February 22, 2018
CPR Report: Actual 7(a) Prepays Stay Above 14%
By Bob Judge
Editor, CPR Report
In January, total prepays, including paid excess principal, came in at 14.30%, after averaging 14.29% for the previous three months.
After extensive analysis, including sourcing loan level data on a bimonthly basis going back to 10/31/2017, we are now able to calculate the amount of excess principal paid out since last October with a high degree of accuracy.
With this data, we have calculated two other prepayment figures
1. A CPR that corrects pool prepayments for paid excess, including adding back the excess to the trading balance and tracking it separately over time.
2. A loan level CPR, which utilizes the underlying loan balances in the calculation instead of the corrected pool balances.
In my previous issue, based on the relationship between the paid-off loan file, which shows the dollar amount of defaults and prepayments for the entire secondary market, and the pool data, which is a significant subset of the entire secondary market, I calculated an excess principal corrected October CPR of 8.68% and 8.96% for November.
However, with 4 months of loanlevel data now available to GLS, those numbers are now calculated to be: 12.21% for 10/2017, 12.45% for 11/2017, 11.50% for 12/2017 and 12.25% for 1/2018.
The big question is: Why the huge discrepancy?
Using the paid-off loan file should have produced an estimate with a high degree of accuracy, if you assume that the only change to how principal is being distributed is the release of the excess that has built up in the MRF according to the new SBA rules imposed in October, 2017.
I will go into more detail on this crucial question in the companion piece beginning on page 1.
Returning to the results, loanlevel prepayment speeds, which use loan balances instead of corrected pool balances, came in at 13.68% for 10/2017, 13.92% for 11/2017, 12.85% for 12/2017 and 13.66% for 1/2018.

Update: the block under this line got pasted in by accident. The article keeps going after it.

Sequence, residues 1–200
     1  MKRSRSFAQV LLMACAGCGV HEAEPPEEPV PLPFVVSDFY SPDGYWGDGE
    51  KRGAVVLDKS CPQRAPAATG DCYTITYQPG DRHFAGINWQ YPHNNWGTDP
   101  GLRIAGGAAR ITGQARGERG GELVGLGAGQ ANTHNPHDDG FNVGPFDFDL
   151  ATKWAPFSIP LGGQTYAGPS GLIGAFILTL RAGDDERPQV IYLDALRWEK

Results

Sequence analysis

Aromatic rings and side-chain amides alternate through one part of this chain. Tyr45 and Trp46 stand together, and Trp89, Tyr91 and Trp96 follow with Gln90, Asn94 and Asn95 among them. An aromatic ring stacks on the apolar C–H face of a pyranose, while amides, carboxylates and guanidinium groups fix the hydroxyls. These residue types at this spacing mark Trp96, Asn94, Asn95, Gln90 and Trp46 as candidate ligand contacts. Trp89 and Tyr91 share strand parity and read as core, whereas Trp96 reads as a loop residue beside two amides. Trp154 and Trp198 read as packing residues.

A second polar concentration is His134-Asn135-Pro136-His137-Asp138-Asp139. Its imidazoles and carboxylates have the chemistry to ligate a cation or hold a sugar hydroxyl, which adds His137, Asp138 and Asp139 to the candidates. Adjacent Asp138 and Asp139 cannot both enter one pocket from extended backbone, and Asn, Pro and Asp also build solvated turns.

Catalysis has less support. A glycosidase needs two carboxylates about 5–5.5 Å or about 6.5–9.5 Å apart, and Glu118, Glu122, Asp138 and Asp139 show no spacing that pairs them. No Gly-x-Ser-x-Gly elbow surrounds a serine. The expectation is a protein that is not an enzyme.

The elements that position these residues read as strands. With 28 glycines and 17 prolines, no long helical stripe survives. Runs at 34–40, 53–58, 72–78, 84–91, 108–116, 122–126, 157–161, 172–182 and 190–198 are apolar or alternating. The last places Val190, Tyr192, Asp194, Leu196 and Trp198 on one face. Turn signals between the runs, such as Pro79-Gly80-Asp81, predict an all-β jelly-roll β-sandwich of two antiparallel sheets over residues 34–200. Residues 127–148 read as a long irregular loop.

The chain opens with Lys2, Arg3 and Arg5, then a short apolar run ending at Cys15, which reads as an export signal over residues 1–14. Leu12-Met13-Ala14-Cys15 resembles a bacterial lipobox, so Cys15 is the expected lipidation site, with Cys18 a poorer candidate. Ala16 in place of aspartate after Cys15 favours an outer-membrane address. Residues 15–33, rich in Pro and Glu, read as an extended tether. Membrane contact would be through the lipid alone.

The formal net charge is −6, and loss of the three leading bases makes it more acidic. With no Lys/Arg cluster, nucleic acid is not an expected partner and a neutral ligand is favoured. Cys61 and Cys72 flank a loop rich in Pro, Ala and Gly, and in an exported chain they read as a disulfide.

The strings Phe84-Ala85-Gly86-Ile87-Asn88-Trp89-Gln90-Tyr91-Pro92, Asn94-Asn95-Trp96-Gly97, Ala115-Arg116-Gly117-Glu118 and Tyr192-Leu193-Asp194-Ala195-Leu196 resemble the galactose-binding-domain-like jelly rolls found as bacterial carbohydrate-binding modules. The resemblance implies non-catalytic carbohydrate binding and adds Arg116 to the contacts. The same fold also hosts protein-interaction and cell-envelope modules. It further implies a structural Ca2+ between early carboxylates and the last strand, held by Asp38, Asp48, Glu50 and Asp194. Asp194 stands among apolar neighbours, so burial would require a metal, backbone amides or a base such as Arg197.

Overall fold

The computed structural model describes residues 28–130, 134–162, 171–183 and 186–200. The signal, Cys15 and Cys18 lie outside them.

You’ll notice that the loan level CPR is lower than the actual one (including excess), but higher than the corrected pool measure. This is because the corrected loan-level prepayments are the same, but the loan balances are much smaller than the pool balances. Since the respective balance figure is used in the denominator of the CPR calculation, a lower balance equates to a higher prepayment, all else being equal.
Because of the significance of the changes to how principal is being returned to investors, I have decided to track prepayments over the SBA fiscal year (October to September) instead of the calendar year that I have used in the past. So, for the first four months of FY 2018, the average prepayment speed for the actual CPR was 14.29%, for the corrected pool CPR it was 12.10% and for loan-level it was 13.53%.
As to the CDR for the corrected pool data, they came in at 2.22% for 10/2017, 1.38% for 11/2017, 1.21% for 12/2017 and 1.39% for 1/2018. For loan-level, they came in at 2.49%, 1.54%, 1.36% and 1.55%, respectively. Without knowing more about the makeup of the excess (i.e. default or voluntary prepayments), it is not possible to calculate the CDR for actual results.
CRRs for corrected pools came in at 9.99%, 11.07%, 10.29% and 10.86%. For loan-level, the results were: 11.19%, 12.38%, 11.49% and 12.11%.
As for the largest sector of the market, 20+ years to maturity, prepayment speeds, for actual came in at 14.58%, for corrected pool, 12.93% and 14.43% for loan-level.
Regarding our maturity buckets, prepayment speeds rose in six out of seven maturity categories. Please note that we have moved the tracking of fixed rate pools to this portion of the report.
Increases were seen, in the actual data by order of magnitude, in the fixed rate sector (+88% to CPR 33.11%), 13-16 (+64% to CPR 11.95%), 16-20 (+45% to CPR 17.02%), <8 (+39% to 22.29%), 20+ (+3% to CPR 14.58%) and 10-13 (+1% to CPR 12.59%).
The lone decrease was seen in 8-10 (-8% to CPR 14.32%).
Age bucket data can be found beginning on page 35, while the bucket data can be found on page 3.
Expect continued double-digit CPR readings by all three measures into the future as we change our perception of prepayment speeds today, and possibly in the past…
For further information on the terminology and concepts used in this article, please refer to the “Glossary and Definitions” at the end of the report.